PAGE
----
, a pretty marina, and a handful of excellent eateries. There’s also a nice little beach for a spot of sun-bathing or a quick dip, and then you can either head back to Palma or keep going towards the next beach, or the next beer (or both!).
Walk the tapas trail of Palma's Ruta Martiana
Tapas Tuesday, or Ruta Martiana
, was introduced as a way of getting customers out on the quietest night of the week, and it was so popular it now takes place on a Wednesday night, too. It takes place right in the center of the Old Town in the Gerreria neighborhood. Essentially a bar crawl with tapas, it’s a fun way to explore the Old Town, and the bars on the route offer a glass of beer or wine, and a tapas dish for just two (sometimes three) Euros. The tapas tend to actually be pintxos
(tasty bite snacks on a slice of bread), and most bars have platters with a selection to choose from. The food quality and selection does vary from place to place, but if you take a shine to a particular bar or snack, there’s nothing to stop you staying for a few. The website lists participating bars or head to the area and wander – bars usually have a blackboard outside stating what they offer. For a large, lively bar full of locals Molta Barra
is a good place to start.
Visit the ancient Arab Baths
Architectural Landmark, Archaeological site
Discovered only 100 years ago in the gardens of a manor house in old town Palma, the Arab Baths
date back to some time between the 10th and 12th century, when Palma was an Arab city known as Medina Mayurqa. Thought to have been attached to a private home rather than a public hammam, the Arab Baths seem to have been constructed from the remains of other buildings from previous periods. The (mainly Roman) columns in the domed roof tepidarium (warm room) are all different and clearly salvaged from different places. A small but fascinating place to visit, the baths are also set in a pretty secluded garden.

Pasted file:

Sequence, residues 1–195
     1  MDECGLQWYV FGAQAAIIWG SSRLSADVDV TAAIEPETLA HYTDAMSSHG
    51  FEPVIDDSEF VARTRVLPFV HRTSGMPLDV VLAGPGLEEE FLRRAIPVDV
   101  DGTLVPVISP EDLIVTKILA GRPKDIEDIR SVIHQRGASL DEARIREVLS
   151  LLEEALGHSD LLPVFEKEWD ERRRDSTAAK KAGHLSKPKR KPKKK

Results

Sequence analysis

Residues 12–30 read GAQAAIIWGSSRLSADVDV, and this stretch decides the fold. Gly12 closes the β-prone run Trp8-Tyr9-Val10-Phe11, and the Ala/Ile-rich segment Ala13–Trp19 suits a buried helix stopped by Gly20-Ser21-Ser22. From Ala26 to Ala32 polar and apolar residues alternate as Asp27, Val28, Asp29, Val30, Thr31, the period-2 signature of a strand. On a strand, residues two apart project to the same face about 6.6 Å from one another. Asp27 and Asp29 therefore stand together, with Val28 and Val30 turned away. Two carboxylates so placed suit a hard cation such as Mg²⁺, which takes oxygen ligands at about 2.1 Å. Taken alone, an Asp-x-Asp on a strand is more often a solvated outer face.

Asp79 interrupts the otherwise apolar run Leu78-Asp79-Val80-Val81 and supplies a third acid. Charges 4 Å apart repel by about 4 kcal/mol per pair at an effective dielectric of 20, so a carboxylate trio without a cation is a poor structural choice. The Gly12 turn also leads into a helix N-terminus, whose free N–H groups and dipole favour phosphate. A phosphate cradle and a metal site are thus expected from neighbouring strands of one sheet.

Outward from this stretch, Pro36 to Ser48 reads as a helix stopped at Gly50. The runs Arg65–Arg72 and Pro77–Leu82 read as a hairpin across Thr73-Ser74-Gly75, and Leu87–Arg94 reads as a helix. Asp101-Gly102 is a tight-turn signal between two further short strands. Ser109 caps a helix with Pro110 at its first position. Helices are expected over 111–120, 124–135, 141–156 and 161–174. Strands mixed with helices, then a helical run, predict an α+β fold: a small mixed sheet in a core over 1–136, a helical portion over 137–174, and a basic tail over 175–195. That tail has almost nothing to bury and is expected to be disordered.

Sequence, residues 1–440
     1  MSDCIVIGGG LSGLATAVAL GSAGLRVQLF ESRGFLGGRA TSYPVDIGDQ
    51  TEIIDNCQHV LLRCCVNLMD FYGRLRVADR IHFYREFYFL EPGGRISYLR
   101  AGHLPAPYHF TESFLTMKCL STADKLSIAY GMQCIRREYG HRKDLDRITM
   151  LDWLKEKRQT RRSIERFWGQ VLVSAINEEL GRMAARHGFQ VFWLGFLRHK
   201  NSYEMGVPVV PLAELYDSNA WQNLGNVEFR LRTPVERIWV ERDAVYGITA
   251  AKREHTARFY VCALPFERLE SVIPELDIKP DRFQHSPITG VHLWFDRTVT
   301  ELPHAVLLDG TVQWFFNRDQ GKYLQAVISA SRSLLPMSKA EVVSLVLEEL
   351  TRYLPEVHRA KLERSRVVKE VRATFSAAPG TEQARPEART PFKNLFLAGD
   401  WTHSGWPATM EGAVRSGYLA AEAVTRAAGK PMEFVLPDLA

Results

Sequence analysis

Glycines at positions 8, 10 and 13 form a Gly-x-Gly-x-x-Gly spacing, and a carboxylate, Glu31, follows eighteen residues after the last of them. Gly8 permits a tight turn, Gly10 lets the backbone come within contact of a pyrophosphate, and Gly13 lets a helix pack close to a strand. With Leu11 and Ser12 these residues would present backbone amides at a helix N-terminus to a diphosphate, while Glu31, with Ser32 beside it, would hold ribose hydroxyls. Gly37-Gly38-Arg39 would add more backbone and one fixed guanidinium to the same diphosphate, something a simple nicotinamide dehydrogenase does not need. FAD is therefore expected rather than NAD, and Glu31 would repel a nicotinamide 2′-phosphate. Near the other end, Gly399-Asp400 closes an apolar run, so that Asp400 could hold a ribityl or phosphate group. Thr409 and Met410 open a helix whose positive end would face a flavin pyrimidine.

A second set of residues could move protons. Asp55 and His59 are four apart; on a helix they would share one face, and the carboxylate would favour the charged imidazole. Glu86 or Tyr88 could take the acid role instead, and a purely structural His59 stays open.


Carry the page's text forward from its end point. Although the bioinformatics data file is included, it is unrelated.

Take a look around Joan Miró's studio
Artist Joan Miró’s mother and wife were both Mallorquin, and Miró spent much of his childhood on the island. He moved to Mallorca permanently in the 1950s and achieved his lifelong dream of having his own studio, which was designed for him by architect Josep Lluís Sert. The Fundació Pilar i Joan Miró
was set up by Miró and his wife shortly before he died and allows visitors to see the studios where he worked right up until his death in 1983. There is also a gallery, sculpture garden, and educational spaces, and its peaceful location in the hills on the outskirts of Palma allow for magnificent views over the city and the sea.
Hit the beach
If you need a break from sightseeing and fancy a beach day without having to stray too far, Palma’s city beach (C’an Pere Antoni) has everything you need. Easily walkable from the center of town, this 750m-long stretch of sand has showers, toilets, and a lifeguard (in high season), plus a beach club at either end. As city beaches go, this one has a lot going for it – mostly frequented by locals it’s pretty clean, the sand is fine and golden, and the water clear and safe for swimming. Upmarket Nassau Beach Club
at the far end has very comfortable sun loungers (reservable by phone) with waiter service, and a popular (but expensive) restaurant. Closer to the city is the Anima Beach Club
, with a more youthful Ibiza-esque vibe.